Thanksgiving is the busiest travel day of the year and now more people are driving than flying due to the increased costs. Lauren Fix, the Car Coach, has some Thanksgiving travel tips.
Plan ahead -- you won't be alone on the roads this year. Families accustomed to the convenience of air travel may decide to endure a long drive instead this year to cut down on costs. With proper planning, you can have a safe and cost-effective trip.
Auto check up: Before you leave home, have an ASE certified technician inspect your car. Make sure he or she checks for any car maintenance left undone, inspects your tires, and provides a tune-up to help you get the best fuel economy on your trip.
Make frequent stops. Stop at least once every two hours to stretch your legs and walk around a bit.
Keep the little ones engaged. Magnetized board games, travel bingo, and word games are saviors on long car trips. Newer vehicles often have video displays and DVD players for the backseat. If your children watch movies or use game consoles, provide them with headsets so they don't distract the driver.
Bring snacks. Most kids are content with small snacks throughout the day. Greasy "road food" definitely isn't the right thing for staying alert or feeling good on trips. Bring fruits and vegetables that are easy to eat, like carrot sticks, bananas, and apples. Also consider easy snacks like granola bars and pretzels. Stay away from excessive caffeine and sugary soft drinks, in favor of juice and water. If you must use caffeine to stay awake, you probably shouldn't be on the road.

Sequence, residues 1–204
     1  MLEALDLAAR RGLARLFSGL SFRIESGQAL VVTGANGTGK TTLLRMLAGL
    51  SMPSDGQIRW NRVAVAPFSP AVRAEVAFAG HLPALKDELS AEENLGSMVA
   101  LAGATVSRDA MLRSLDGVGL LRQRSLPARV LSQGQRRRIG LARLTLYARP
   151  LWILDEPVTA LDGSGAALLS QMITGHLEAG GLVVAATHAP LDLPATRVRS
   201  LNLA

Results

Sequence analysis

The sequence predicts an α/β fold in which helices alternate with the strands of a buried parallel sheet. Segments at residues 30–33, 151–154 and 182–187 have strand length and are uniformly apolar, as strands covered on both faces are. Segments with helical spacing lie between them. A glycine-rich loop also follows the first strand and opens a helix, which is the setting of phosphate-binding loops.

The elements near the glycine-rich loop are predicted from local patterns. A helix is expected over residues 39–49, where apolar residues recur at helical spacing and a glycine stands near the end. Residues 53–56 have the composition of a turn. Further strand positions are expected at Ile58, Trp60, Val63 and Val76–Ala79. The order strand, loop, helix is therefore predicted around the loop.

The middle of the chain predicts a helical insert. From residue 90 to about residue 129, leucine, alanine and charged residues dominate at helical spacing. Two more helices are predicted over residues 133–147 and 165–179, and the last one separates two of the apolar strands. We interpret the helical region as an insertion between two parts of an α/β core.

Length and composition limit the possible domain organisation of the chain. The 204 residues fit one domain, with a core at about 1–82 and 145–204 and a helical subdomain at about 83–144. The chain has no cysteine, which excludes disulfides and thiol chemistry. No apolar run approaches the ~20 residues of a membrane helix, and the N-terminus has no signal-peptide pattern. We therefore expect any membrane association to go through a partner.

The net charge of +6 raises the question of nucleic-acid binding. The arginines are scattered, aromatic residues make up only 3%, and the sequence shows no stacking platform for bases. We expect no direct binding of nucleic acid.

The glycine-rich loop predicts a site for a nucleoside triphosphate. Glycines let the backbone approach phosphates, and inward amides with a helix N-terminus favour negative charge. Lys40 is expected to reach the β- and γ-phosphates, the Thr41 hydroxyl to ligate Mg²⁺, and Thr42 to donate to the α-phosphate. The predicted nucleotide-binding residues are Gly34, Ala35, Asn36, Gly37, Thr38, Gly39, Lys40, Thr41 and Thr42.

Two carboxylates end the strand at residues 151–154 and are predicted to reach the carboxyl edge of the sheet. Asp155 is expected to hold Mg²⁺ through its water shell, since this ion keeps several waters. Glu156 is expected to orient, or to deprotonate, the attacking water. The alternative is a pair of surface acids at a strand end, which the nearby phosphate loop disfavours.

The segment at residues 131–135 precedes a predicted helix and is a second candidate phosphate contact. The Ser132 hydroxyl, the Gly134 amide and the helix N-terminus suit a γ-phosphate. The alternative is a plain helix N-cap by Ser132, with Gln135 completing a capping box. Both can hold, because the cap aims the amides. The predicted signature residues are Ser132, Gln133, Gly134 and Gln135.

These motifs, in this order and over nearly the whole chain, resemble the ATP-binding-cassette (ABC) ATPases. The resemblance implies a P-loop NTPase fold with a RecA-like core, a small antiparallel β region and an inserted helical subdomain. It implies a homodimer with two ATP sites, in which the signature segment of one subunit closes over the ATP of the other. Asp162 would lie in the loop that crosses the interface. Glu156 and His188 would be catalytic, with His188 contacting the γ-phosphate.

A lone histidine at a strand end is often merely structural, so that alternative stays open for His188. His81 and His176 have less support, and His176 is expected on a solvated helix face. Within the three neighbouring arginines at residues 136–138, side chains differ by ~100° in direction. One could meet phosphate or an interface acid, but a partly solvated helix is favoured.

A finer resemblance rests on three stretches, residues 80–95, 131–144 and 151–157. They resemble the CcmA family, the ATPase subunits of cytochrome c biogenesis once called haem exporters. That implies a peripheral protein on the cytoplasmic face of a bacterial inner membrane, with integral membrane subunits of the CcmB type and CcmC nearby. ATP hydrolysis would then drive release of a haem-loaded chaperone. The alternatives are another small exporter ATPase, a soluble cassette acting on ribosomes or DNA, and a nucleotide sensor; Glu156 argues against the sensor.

Make it an adventure. Make a pit stop at a zoo, tacky tourist destination, or ask relatives or friends for advice for a stop on your route that the kids might enjoy. Both you and your kids will look forward to these breaks that parcel the trip into manageable pieces.
Use The Internet: Plan in advance with websites like Rand McNally, Trip Advisor, or MapQuest to decide your route and get turn-by-turn driving directions.
Be Weather Ready: Prepare for inclement weather and bad road conditions. If visibility is poor or the road becomes slippery, slow down. Prepare in advance for problems by packing a winter emergency kit. Also pack extra blankets, clothing, hand warmers, and water for each passenger.
Have patience! Holiday travel - especially in bad weather - may take much longer than anticipated. Allow extra time for weather and traffic, and arrive safely.
Saturday, November 19, 2016
Wednesday, November 16, 2016
Maintenance had a totally different meaning in the pre-computer auto repair days. Back then, we performed regular “tune ups” to keep cars of the day running their best. By one definition, the term “tune up” means “an adjustment, as of a motor, to improve working order or condition”. In other words, the stock systems (carburetion, ignition and even some engine mechanical) would be tweaked to return them to an original condition, with existing parts cleaned and adjusted and only replaced if worn outside of serviceable limits. Today, these systems have no capacity for adjustment and the “tune up” of the old days has been replaced by the need for routine maintenance – a process of inspection and replacement.